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to be shocked by subtitles?

(34 Posts)
riskit4abiskit Sun 03-Nov-13 11:47:40

I am not hard of hearing but I have a young baby who feeds very noisily, cries loudly and a husband whose sleep needs to be undisturbed as he is doing 12hr shifts at the moment.
Therefore I have been having the volume on the tv low and subtitles on.

I have been shocked by how crap they are. On live programmes I can understand the difficulty of accurate typing, although there are many mistakes. On prerecorded tv, for example I am watching atlantis, there is a lag so that the dialogue is considerably behind the action.

It makes me have sympathy for those who unlike me may depend on this service. So..with technology as fab as it is, AIBU to expect this service to be better?

AnyBigFuckingJessie Sun 03-Nov-13 11:49:41

You are not unreasonable! I'v noticed too.

Osmiornica Sun 03-Nov-13 11:56:09

It's even worse with quiz shows as often they are ahead of them so you read the answers almost before the question. Very annoying. They are full of typos and just downright mistakes as well. As you say, live tv you could understand but recorded stuff surely there's no excuse.

Onetwothreeoops Sun 03-Nov-13 11:57:57

My DS relies on them and I'm sure I read something within the last couple of weeks about plans to improve them. I can't remember exactly where I read it but I was pleased that there are plans. Watching live tv with them is almost pointless there are chunks of dialogue missing and what there is lags badly behind the action.

cozietoesie Sun 03-Nov-13 11:58:48

Broadcast companies don't give the facility much priority or much financial backing. It's only there, really, to satisfy legal requirements and their accessibility policy.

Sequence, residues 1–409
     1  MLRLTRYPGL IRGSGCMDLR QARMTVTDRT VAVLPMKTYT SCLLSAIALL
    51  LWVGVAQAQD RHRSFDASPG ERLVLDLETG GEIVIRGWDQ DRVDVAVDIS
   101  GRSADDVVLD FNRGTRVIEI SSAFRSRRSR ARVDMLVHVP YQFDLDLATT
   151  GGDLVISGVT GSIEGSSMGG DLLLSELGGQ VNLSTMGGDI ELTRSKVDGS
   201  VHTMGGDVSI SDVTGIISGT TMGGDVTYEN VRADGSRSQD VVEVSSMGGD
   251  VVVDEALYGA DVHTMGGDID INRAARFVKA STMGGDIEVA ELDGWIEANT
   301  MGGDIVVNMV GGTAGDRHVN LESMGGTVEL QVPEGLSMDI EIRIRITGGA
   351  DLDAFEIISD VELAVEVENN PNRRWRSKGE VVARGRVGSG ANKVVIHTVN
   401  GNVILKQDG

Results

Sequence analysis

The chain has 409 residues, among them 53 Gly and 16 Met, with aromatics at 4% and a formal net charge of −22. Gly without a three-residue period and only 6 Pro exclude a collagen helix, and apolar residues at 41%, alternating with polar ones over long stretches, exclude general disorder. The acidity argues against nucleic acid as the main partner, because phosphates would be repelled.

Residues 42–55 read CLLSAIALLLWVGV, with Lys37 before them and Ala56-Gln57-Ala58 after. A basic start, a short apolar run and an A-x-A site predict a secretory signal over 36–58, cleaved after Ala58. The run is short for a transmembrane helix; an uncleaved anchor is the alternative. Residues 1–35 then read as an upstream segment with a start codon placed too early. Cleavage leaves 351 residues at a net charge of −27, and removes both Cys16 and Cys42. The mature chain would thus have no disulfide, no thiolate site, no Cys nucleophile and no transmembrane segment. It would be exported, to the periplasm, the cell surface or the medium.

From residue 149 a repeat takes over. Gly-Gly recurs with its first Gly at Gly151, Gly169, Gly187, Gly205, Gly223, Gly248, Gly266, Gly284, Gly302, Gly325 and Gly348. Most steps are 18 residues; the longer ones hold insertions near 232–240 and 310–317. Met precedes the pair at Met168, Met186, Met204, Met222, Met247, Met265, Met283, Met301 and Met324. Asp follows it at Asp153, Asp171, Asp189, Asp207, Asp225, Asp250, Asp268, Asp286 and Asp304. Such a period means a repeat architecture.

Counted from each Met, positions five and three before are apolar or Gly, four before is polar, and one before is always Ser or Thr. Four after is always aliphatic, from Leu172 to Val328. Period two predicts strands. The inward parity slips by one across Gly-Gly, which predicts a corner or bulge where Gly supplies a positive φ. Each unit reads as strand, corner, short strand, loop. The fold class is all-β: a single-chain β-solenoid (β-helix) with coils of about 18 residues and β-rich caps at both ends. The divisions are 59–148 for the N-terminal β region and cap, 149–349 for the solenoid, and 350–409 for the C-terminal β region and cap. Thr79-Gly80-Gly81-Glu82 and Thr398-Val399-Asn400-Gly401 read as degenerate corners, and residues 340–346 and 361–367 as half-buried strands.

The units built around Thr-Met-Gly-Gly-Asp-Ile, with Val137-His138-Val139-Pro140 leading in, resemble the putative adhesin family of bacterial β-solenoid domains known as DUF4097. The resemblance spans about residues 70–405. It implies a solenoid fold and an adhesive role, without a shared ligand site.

PipkinsPal Sun 03-Nov-13 11:59:02

As much as I hate spelling mistakes I love reading the errors on subtitles. Once Graham Norton mentioned cheesy wotsits and it came up as cheesy whatnots. The hard of hearing, of which I am one, and the deaf must be sitting watching some tv programmes in total confusion.

TeWiSavesTheDay Sun 03-Nov-13 11:59:51

They are pretty crap. You might as well not bother with them on live news because they get so much wrong the stories don't make sense.

When you think how much technological progress there has been in the last 15 years it is pretty appalling that subtitles have not improved at all in that time.

TeWiSavesTheDay Sun 03-Nov-13 12:02:01

That's good onetwo - I really struggle with tv without them so would love it if they improved.

Sparklingbrook Sun 03-Nov-13 12:03:57

It must be so hard for the person typing. BBc Breakfast is always very fast paced and there's loads of mistakes. haitch ess 2 the other day.

MrsCakesPremonition Sun 03-Nov-13 12:05:14

They are sometimes brilliant, sometimes funny but the live ones, with the enormous lag and whole bits of conversation missing, are dire.
I wouldn't want to be without subtitles even though I don't have hearing problems that stop me hearing the TV (real people conversations are a trickier business altogether - I wish people came with subtitles).

MrsCakesPremonition Sun 03-Nov-13 12:06:32

Also - I've always suspected that the ones on live programmes like BBC Breakfast aren't typed at all - but are some sort of bizarre voice recognition software. Sometimes it is like watching someone using predictive texting.

manticlimactic Sun 03-Nov-13 12:10:26